The Office for National Statistics (ONS) has stated that almost five million people – or 15% of the labour market – now class themselves as self-employed. Many more are joining them.
It’s easy to see the advantages. One in five earn up to £1,500 a week, while in some sectors a week’s work can be worth as much as £5,000. But there are no guarantees of work, income can just dry up, and the health insurance, paid holidays, pension plans, or other benefits employees take for granted are just not there. Some forms of credit can be hard to get – and this can include mortgages.
We look at how you can still buy your own home, even if you don’t have a traditional job.
You can get a mortgage if you are self-employed
Contrary to common belief, it has always been possible to get a mortgage if you are self-employed. The process used to involve self-certification, which basically allowed self- employed applicants to state the level of income their work brought in.
This was unfortunately misused by some people, who found themselves with mortgages they could not afford when the financial crisis struck. For a while tighter credit controls made getting a mortgage difficult, until banks, building societies and a new raft of specialist mortgage lenders began to recognise the needs of the self-employed, and the fact that they were ignoring a huge potential market.
Lenders have begun to tailor their borrowing criteria to the needs of the sector. According to the Council of Mortgage Lenders, it has led to an 11% increase in the loans taken out by self-employed workers in 2016 alone.
The process you need to follow
The process of applying for a mortgage is a little more complicated if you are self-employed than if you are an employee, but the same principles apply. The lender will want to know that you will be able to repay the loan, and so will want to see evidence of income. An employee simply needs to provide a few payslips as the basis of their application. If you are not an employee, you may need to provide rather more in the way of documentation to give the lender the same level of confidence.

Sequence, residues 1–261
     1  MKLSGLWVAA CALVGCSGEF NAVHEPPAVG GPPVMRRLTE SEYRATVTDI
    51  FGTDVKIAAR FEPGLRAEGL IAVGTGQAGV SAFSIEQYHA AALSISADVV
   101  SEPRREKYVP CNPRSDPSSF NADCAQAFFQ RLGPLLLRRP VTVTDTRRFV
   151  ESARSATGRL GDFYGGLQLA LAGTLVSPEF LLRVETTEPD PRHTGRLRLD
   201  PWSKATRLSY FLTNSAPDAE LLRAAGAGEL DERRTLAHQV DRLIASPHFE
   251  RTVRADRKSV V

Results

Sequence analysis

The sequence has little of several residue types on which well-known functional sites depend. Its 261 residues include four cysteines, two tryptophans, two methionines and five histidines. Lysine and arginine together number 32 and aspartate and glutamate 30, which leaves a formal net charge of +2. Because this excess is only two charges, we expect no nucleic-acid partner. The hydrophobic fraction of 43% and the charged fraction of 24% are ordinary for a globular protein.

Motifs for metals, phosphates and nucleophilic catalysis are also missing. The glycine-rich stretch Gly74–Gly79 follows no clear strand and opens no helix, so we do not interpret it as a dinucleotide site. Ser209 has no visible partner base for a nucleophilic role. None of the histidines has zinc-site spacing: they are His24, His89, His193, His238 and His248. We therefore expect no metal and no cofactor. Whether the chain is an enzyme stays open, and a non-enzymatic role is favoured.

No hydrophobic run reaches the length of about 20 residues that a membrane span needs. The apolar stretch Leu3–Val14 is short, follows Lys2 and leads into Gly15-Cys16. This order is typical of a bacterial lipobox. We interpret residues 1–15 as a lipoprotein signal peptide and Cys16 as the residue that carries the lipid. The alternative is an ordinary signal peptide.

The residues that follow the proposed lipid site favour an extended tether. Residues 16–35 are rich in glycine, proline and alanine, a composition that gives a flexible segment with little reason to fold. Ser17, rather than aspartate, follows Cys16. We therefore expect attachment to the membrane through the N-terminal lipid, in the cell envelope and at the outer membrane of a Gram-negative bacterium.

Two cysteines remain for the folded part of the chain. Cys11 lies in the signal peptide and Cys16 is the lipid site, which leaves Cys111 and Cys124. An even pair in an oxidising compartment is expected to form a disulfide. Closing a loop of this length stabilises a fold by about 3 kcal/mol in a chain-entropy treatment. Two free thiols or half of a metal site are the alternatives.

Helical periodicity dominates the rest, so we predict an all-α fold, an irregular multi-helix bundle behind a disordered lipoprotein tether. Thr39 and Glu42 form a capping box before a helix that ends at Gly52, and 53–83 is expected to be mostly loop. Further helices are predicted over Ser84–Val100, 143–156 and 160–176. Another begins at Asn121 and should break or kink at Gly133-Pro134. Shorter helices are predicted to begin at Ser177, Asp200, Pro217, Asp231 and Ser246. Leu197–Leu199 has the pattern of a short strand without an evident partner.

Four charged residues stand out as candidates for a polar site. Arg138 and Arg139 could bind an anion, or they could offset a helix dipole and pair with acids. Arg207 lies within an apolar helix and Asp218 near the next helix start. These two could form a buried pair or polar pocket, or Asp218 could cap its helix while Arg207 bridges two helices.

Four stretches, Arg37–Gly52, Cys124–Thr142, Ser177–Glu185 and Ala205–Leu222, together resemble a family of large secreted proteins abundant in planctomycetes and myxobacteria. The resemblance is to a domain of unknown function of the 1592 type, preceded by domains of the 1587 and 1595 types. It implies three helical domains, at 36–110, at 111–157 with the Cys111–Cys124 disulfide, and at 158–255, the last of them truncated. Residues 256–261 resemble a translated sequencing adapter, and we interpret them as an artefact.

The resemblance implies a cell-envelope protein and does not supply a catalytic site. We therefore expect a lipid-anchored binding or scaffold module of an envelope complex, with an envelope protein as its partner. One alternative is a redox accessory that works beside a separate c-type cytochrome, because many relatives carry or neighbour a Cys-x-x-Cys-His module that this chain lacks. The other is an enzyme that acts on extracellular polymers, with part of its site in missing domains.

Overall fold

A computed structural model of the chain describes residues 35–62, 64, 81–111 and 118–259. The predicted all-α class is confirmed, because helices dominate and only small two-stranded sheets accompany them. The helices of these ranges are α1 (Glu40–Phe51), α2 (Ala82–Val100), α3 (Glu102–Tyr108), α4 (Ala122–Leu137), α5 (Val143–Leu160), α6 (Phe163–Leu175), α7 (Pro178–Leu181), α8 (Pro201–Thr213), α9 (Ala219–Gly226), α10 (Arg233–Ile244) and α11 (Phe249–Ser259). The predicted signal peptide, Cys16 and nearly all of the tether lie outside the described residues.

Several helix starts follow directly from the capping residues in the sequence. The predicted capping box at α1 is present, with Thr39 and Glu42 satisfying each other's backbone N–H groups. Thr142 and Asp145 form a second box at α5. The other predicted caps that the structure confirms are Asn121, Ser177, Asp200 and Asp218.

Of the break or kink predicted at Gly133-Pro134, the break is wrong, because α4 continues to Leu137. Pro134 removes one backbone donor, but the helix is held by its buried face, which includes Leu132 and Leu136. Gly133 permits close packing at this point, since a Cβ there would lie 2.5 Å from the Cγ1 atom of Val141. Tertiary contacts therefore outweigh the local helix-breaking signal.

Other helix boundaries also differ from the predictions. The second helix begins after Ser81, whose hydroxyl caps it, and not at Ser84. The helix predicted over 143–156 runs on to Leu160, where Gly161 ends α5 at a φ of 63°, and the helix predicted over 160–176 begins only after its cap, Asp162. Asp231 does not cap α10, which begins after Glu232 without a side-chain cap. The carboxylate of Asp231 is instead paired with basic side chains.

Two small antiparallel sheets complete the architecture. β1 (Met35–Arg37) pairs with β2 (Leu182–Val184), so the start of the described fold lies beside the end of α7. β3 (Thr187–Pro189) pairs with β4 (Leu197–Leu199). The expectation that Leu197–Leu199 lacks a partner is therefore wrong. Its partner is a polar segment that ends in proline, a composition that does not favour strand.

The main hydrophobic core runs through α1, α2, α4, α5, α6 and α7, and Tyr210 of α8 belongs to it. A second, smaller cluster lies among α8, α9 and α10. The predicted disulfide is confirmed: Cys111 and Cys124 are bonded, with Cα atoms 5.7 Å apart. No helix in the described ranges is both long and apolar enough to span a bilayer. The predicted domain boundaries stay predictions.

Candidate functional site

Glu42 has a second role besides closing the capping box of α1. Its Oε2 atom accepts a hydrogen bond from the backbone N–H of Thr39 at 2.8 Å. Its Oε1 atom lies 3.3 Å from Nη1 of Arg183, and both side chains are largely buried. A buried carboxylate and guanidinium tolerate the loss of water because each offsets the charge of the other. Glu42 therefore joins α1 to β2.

In particular, lenders will want to see how you receive your income, especially if it is from multiple sources, so it is vital you have all of the relevant documents, starting with an up-to-date record of your audited accounts.
You will need a minimum of one year’s worth of accounts, and most lenders will ask for verification. This could be a qualified accountant’s reference and finalised accounts. It can help if you also get HMRC evidence of your earnings for the last 4 years‘ by downloading an SA302 form. You can find more details here.
What else you may need will depend on the way your self-employment is organised.
Along with details of your contracting history, lenders will want to ensure you will also have work in the future. Evidence that your contract will be renewed, a minimum number of months left of the existing one, or a new agreement with another employer will normally be required.
If you are registered as a sole trader, lenders will want to see verification of your business profits when assessing your income. Details of your business, and business accounts will be useful, and the SA302 will be very important.
If you operate through a limited company, you will probably receive most of your income as dividends, in addition to your basic salary. You need to make sure your mortgage advisor understands this and takes both into consideration when assessing mortgage affordability. Make sure you include details of your business with your application.
Getting a mortgage can always be easier if you have professional advice, and it can be essential if you are self-employed. There are some lenders who are particularly receptive to self-employed applicants, there are even those who can help if you have adverse credit history, perhaps when business problems caused a hiccup in loan repayments.
A mortgage advisor can find the most sympathetic lenders, and search them for the best rates. Of course, the best mortgage deal is not just about the headline interest you pay. Their expertise will help them look at all the charges, arrangement fees and other costs to ensure you really are getting the best deal.
To get a mortgage expert working to help you get the mortgage you want, whether or not you are self-employed, simply call us at Continuum.
Your home may be at risk if you do not keep up repayments on a mortgage or other loan secured on it.
Office of National Statistics – UK labour market – November 2017
Office of National Statistics – EMP14: Employees and self-employed by industry – November 2017
Office of National Statistics – The number of individuals and the percentage of the self-employed population, by banded self-employment income, 2015/16, UK – March 2017